This is my interview with Frank Lamonte from “The Second Time Around” Book I of the Belanger Creek Ranch Series. Enjoy!
Gloria:What do you consider your greatest achievement?
Frank: Many would expect me to say that becoming a veterinarian is my greatest achievement, but becoming a veterinarian is almost an extension of who I am. I love all animals: it pains me to see them hurt and it makes me happy to help them heal. I probably understand animals better than I do humans! Horses are my favorite animal. When you work with them over a period of time, you form a deep friendship, and you will have a friend for life.
I digress here—what is my greatest achievement?
Becoming my own person is probably my biggest achievement, although I didn’t realize it when it was happening. I am an only child. That has its blessings, but it also has its downside. Mom had trouble carrying a child, and after several miscarriages, my parents were thrilled to finally have a baby in their arms. I know my father wanted a son badly—but I am certain that when I was born a girl, Dad took it in stride. He showed no signs of disappointment, and decided I’d make a great son anyway. He named me Frank Lamonte, after his father, and there was never a thought of calling me Fran or even Frankie…I was FRANK.
My poor mother never got to enjoy having a little girl. Probably the only time she got to dress me in dainty pink, was my pajamas when she put me to bed at night, or when we went to church on Sunday morning.
Once I was a toddler, Dad started taking me with him everywhere. We had a small ranch and he let me help him with chores, and I when he went to town for parts for the equipment, or feed for the animals, I would tag along. I went everywhere with him. I became an extension of him.
I grew up in his world and I loved everything about it…the animals, especially the horses. He took me riding, tucked in the saddle in front of him as soon as I could walk, and later he taught me to ride when mom said it was Ok for me to be on a horse by myself. He encouraged me to team rope with our neighbor, and dad’s best friend’s son, Clint Roberts. When I got older, and we went to rodeos, Dad was there, keeping an eye on things, protecting me. Once I had matured into a young woman, he was there to make sure that I didn’t become a “notch” on some rodeo guys belt!
He gave me room to grow—but I was never really independent of him, until I went to vet school. I met Martin Cole when we were team roping and then we both ended up going to vet college. When we got together, the natural urges of a young woman came to life in me. I enjoyed his attention on a romantic and sexual level. I even thought I’d fallen deeply in love, but on another level, it was like slipping my hand into a comfortable pair of gloves. He was a male companion, and that was what I was used to having. He wasn’t like my dad, but when I look back now, I think he became a replacement for him in my life—just on a different level.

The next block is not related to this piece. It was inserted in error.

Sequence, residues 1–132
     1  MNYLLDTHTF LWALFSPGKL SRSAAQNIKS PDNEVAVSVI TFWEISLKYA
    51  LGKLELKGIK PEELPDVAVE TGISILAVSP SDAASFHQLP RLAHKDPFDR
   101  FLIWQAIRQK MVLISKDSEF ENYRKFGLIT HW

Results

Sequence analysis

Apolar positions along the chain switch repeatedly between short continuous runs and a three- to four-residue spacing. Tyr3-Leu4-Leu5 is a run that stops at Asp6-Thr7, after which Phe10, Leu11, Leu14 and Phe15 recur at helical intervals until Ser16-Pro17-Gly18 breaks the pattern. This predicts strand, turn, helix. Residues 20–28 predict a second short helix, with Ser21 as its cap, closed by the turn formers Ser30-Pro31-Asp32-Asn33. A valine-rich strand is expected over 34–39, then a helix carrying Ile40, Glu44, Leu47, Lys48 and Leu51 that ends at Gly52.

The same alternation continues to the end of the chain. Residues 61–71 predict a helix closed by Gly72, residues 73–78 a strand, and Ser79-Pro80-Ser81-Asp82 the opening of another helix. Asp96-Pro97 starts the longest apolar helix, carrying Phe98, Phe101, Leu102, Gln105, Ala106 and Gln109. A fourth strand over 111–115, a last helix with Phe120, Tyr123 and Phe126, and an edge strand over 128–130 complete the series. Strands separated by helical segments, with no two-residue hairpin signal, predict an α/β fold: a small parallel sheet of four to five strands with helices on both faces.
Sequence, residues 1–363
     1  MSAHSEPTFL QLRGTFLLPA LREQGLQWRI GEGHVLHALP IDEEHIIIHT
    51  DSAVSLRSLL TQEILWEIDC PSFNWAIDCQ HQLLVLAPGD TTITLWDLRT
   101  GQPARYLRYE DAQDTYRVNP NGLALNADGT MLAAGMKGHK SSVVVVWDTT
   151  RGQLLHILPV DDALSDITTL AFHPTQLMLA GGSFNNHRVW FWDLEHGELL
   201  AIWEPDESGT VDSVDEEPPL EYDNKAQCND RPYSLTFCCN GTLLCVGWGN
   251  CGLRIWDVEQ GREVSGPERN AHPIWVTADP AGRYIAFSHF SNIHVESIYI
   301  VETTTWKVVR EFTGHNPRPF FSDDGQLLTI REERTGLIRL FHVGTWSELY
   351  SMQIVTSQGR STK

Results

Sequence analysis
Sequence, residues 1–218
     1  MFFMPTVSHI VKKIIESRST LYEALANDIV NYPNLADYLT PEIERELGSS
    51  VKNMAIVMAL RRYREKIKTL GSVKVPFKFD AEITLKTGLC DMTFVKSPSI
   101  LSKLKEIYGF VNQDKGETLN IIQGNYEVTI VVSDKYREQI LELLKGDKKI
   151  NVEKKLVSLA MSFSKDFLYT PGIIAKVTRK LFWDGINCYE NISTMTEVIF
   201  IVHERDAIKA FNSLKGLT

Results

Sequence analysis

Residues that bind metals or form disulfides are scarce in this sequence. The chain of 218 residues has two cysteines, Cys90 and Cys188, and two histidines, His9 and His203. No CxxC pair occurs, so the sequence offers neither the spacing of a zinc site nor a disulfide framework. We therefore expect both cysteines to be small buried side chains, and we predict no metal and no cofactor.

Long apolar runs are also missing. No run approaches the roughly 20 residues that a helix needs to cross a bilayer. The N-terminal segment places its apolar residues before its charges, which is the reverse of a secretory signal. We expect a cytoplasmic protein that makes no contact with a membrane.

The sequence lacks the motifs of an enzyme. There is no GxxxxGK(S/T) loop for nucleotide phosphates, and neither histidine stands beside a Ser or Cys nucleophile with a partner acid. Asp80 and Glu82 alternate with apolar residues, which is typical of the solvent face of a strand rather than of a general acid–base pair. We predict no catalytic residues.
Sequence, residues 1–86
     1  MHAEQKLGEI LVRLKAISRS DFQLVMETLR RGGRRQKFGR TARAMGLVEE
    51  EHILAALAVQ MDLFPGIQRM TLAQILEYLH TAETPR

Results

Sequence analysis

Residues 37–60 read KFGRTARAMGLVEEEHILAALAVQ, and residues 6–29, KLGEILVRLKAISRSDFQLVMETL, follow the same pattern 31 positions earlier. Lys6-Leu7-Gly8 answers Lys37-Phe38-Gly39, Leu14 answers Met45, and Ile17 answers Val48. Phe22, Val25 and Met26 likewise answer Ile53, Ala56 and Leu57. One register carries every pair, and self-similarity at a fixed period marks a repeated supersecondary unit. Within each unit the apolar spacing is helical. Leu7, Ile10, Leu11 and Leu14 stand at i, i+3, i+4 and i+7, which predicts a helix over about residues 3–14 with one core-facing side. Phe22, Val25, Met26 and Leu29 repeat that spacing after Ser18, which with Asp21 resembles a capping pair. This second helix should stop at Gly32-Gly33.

I was young, I had never dated… not because dad interfered, although no one would have been good enough for me! I still hung out with guys all the time, I just became one of them. I didn’t relate to girls. They seemed to be immature and silly. Becky Freemont is the only girlfriend that I’ve ever had. I’ve known her since kindergarten. We are still very close and she is always there for me.
I took my studies seriously and so did Martin. We worked hard, and after we graduated we came back to Stettler, Alberta where I’d grown up. From the time I was about fourteen years old, I had spent all my spare time at Jason Winter’s Vet Clinic, helping him where I could. He was very patient and I was a good worker and a quick learner. When I left for vet school, he told me there would be a job waiting for me, and when we graduated he hired Martin and me.
Although Martin and I were engaged, we hadn’t “lived together” so when I came back to Stettler I moved back in with mom and dad. My life seemed perfect—marriage was in my future, I was living back at the small ranch where I had grown up, and I was home with mom and Dad.
Then over a nine month period, my whole world fell apart. My dad was almost killed when a horse went over backward on him. The thought of losing him struck me numb. When we knew he would live, tough choices had to be made. The ranch had to be sold, and mom and dad bought a place in town. I moved in with them and tried to help mom look after dad. I was worried sick, and far too busy. Martin broke our engagement, because he said I had no time for him and I wasn’t fun anymore. He took up with the secretary in the clinic. That was the last straw for me!